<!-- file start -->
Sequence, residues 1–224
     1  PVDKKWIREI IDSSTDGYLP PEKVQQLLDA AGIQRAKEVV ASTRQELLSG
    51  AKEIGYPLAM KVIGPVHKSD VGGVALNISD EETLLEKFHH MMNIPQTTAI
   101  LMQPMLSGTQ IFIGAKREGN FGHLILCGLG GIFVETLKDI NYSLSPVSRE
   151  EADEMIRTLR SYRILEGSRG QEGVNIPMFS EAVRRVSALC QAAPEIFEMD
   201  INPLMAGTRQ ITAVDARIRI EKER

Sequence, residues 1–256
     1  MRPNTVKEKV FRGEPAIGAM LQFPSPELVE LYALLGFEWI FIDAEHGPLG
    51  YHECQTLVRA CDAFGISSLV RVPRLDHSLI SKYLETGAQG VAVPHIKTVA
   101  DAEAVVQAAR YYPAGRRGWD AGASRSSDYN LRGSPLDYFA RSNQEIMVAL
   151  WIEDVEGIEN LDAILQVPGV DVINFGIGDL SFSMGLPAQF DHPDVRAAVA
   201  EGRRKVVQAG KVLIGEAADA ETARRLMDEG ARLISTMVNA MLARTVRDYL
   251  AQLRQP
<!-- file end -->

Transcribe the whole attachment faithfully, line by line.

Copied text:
Sequence, residues 1–224
     1  PVDKKWIREI IDSSTDGYLP PEKVQQLLDA AGIQRAKEVV ASTRQELLSG
    51  AKEIGYPLAM KVIGPVHKSD VGGVALNISD EETLLEKFHH MMNIPQTTAI
   101  LMQPMLSGTQ IFIGAKREGN FGHLILCGLG GIFVETLKDI NYSLSPVSRE
   151  EADEMIRTLR SYRILEGSRG QEGVNIPMFS EAVRRVSALC QAAPEIFEMD
   201  INPLMAGTRQ ITAVDARIRI EKER

Sequence, residues 1–256
     1  MRPNTVKEKV FRGEPAIGAM LQFPSPELVE LYALLGFEWI FIDAEHGPLG
    51  YHECQTLVRA CDAFGISSLV RVPRLDHSLI SKYLETGAQG VAVPHIKTVA
   101  DAEAVVQAAR YYPAGRRGWD AGASRSSDYN LRGSPLDYFA RSNQEIMVAL
   151  WIEDVEGIEN LDAILQVPGV DVINFGIGDL SFSMGLPAQF DHPDVRAAVA
   201  EGRRKVVQAG KVLIGEAADA ETARRLMDEG ARLISTMVNA MLARTVRDYL
   251  AQLRQP